Amid the cries for help in the darkness of night, he listened in vain for the sound of their voices.
On Sunday morning, crews pulled the bloated bodies of three of his children from the river: 1-year-old Ahmadou, 3-year-old Salamata and 4-year-old Fatouma.
There is still no sign of his wife, Zeinabou, or their 5-year-old twin girls, who were last seen curled up on mats aboard the ship.
“The pain that I feel today is beyond excruciating,” he said from the village cemetery where he buried the remains of his three children Sunday in the sandy dirt.
By nightfall, a total of 43 corpses had been recovered from the river since the accident Friday night, said Hamadoun Cisse, a local official in charge of tracking casualty figures.
Passengers on the capsized boat said they believed hundreds of people were on the overladen vessel when it sank Friday. But the ship’s owner did not have a full list of who was on board, making it impossible to determine the actual number of people missing.
The boat was headed from the central port of Mopti to the northern desert city of Timbuktu, packed full of people traveling ahead of the Muslim holiday of Eid al-Adha this week. Many Malians choose to travel by river even though the journey takes several days and nights because it is easier than traversing the region’s poor desert roads.
The accident took place near the village of Koubi, about four miles (seven kilometers) from Konna. Authorities said 210 survivors had been registered, leaving dozens missing.
The boat disaster comes as Mali has been gripped by more than a year of crisis, starting with a rebellion in early 2012 and a subsequent coup, followed by the seizure of the country’s vast north by Tuareg separatists and Islamic extremists. The French army intervened in January, pushing the militants out of the cities, but violent attacks still take place.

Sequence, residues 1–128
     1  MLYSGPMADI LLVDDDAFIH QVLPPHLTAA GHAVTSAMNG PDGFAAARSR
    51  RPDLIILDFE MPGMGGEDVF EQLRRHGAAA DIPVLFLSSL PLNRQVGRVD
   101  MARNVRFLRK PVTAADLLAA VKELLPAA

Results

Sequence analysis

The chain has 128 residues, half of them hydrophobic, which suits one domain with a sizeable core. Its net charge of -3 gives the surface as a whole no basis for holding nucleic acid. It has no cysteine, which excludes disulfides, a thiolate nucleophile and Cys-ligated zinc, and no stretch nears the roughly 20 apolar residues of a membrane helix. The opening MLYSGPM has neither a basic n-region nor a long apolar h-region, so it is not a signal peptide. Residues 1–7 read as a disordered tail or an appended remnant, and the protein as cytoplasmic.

Survivors of the Friday boat sinking described a chaotic scene, as scores of people awakened by the jolt of the boat’s collapse tried to make their way to shore.
Niamoye Toure, a 22-year-old housekeeper, was bringing her infant son home to Timbuktu to meet his grandparents. After the boat sank, she tried to swim with one hand and hold her baby with the other.
“There was a man who didn’t know how to swim who took my son’s hand,” she recalled. “This man was very heavy and he kept hanging on to my son so I was forced to let him go or risk drowning myself.
“This morning I am alive, but part of me is dead inside because part of me is still in that water,” she said.
She insisted she would wait by the river’s shore until her son’s body was found.
Ibrahim Yattara, 29, also awaited each body retrieved from the river for any sign of his wife. The two were traveling to see family in Dire, and to share the good news that she was pregnant.
With each passing hour he became more fearful she was gone. On Sunday afternoon, they found her body and buried her in the village on shore.
“She was the only woman I had ever loved since childhood,” he said. “We were so happy to know that she was pregnant. Today I am sick of life. It has no meaning for me.”
Many of those traveling to Timbuktu by boat were schoolchildren returning to class and who were unable to swim.
Abouri Djittey drove through the night from the capital of Bamako — a distance of 435 miles (700 kilometers) — after learning that his 7-year-old daughter Ramata had drowned.
Now he thinks often about a dream he had days before the accident, in which Ramata was on a boat and fell into the water.
His wife has stayed up all night crying and awaits his return. Though he came for his child’s remains, he was leaving Sunday without them.
“After seeing the bodies coming out of the water in a badly decomposed state, I cannot bear to see my daughter like that,” he says. “I prefer to return to Bamako without seeing her body.” AP